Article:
The greater growth of the SGA pigs in Experiment 1 (Section 3.2.1) fed the low protein formula with leucine is consistent with more pronounced stimulation of mTORC1 by leucine and HMB of term pigs that are small for gestational age [19,20]. Although this study was limited to 6–7 days, the 30% higher rate of growth for the smaller compared to the larger pigs when fed the LP+Leu formula is novel and indicates leucine has the capacity to elicit compensatory growth. However, supplemental leucine and HMB did not improve growth of the SGA pigs when fed the high protein formula (2.49 ± 0.15 pooled data for HP+Leu and HP+HMB vs. 2.34 ± 0.50 for HP+Ala; p = 0.76).
Pooled data for the pigs in Experiments 1 and 2 fed the four high protein formulas revealed higher growth for female pigs (Figure 3), despite similar birth weights for males (1004 ± 53 g for females vs. 1055 ± 60 g for males; p = 0.71), with the differences especially evident for the smaller pigs. These findings are consistent with the lower morbidity and mortality and better outcomes for female preterm infants, and especially SGA infants [43,44]. Interestingly, growth was similar for female and male pigs when fed the low protein formulas (p’s > 0.50).

4.4. Hematology and Clinical Chemistries

Compared with values for preterm infants [45,46], preterm pigs have smaller red blood cells and despite higher densities, have a lower hematocrit and less hemoglobin per mL. Newborn preterm pigs and human infants have similar platelet counts and both species have postnatal increases. The white blood cell counts at birth are lower for preterm pigs compared to preterm infants. They increase rapidly during the first week after delivery and remain dominated by lymphocytes. It is unknown if the contrasting postnatal patterns of change for white blood cell counts are related to species, stage of development, or aspects of care and handling. The lower platelet counts among pigs fed the high protein formula is unexplained.
The present study contributes needed reference data for clinical chemistries of preterm pigs (Supplemental Tables S2 and S3). The hyperglycemia of the preterm pigs during PN mimics preterm infants [47], and may reflect a combination of stress responses to birth and immature glucoregulation, suggesting the 22 g/kg-day of glucose in the PN solution may be excessive. The lower blood glucose levels during EN for all treatments may be considered as slightly hypoglycemic. At conclusion of EN, blood chemistries for the pigs fed the high protein formulas were similar to those of preterm pigs fed for 6 to 7 days a lactose-based formula with 83 g of protein per L [23].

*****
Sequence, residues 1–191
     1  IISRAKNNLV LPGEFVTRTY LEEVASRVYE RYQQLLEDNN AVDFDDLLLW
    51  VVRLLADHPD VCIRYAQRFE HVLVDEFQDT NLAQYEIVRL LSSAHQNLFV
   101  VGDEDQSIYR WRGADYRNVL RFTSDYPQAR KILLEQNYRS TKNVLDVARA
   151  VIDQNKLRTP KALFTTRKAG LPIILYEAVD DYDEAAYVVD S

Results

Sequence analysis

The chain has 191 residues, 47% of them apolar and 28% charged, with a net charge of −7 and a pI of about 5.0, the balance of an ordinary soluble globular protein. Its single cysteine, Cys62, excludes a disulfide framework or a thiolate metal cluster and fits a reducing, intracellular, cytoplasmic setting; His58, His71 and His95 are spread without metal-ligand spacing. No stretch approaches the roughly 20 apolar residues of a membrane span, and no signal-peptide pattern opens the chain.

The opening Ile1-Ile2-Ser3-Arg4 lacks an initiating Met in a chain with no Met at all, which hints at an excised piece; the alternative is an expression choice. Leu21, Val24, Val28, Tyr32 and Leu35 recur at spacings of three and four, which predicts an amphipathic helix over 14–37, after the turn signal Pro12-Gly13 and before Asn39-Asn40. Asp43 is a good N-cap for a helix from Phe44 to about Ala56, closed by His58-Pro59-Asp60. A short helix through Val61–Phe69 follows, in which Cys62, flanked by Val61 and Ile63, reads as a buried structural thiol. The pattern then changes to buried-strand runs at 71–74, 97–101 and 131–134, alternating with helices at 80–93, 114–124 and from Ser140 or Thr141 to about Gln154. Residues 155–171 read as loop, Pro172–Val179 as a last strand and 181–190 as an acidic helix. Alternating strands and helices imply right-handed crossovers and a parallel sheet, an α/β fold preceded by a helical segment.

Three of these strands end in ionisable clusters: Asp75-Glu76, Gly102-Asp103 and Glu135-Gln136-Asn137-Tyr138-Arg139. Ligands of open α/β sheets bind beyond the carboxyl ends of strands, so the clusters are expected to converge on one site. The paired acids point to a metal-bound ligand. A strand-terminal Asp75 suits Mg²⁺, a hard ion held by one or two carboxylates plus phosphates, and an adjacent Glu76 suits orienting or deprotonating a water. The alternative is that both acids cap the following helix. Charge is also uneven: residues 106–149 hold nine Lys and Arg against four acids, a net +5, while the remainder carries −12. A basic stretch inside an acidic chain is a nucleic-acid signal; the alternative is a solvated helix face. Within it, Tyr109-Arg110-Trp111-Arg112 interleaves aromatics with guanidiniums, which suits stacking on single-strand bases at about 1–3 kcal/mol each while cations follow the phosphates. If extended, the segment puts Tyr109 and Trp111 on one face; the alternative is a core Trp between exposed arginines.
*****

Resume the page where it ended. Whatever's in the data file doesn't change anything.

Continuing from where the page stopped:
The BUN values measured during PN are comparable to preterm infants receiving primarily parenteral nutrition during the first week after delivery [48]. The low and sometimes undetectable BUN levels for preterm pigs fed the low protein formulas are comparable to those of term pigs fed low protein formulas [49] and preterm infants fed a low protein formula that still promotes growth [50]. The low BUN values suggest that the majority of the protein was partitioned into accretion of lean body mass, with little catabolism of dietary or tissue protein along with lower energetic costs for nitrogen disposal. However, BUN values <4 mg/dL are indicative of inadequate protein intake [51]. The higher BUN values for pigs fed the high protein formulas would not be considered excessive (i.e., >50 mg/dL). It is unknown why HP+HMB pigs had higher BUN, despite slightly increased weight gain and PER relative to HP+Ala and HP+Leu pigs, suggesting a greater proportion of dietary protein was converted into tissue.

5. Conclusions

The preterm pig is a relevant large animal model for understanding the consequences of being born early, small, male or female, and for investigating nutrition support. The ability to improve growth using supplemental leucine or HMB without excessive protein, particularly for SGA pigs, warrants further study, as does the use of MCT oil and other sources of energy for protein sparing. The growth responses of preterm pigs to varying protein intakes with and without supplemental leucine and HMB may differ from those of term pigs because of different post conception ages [52] and because gastrointestinal immaturity limits tolerated dietary loads. It will be important to measure body composition to determine if leucine and HMB increase the proportion of dietary energy and protein directed into accretion of lean body mass rather than adipose tissue. Elucidating the effects of growth promoting ingredients should support improvements in nutritional strategies.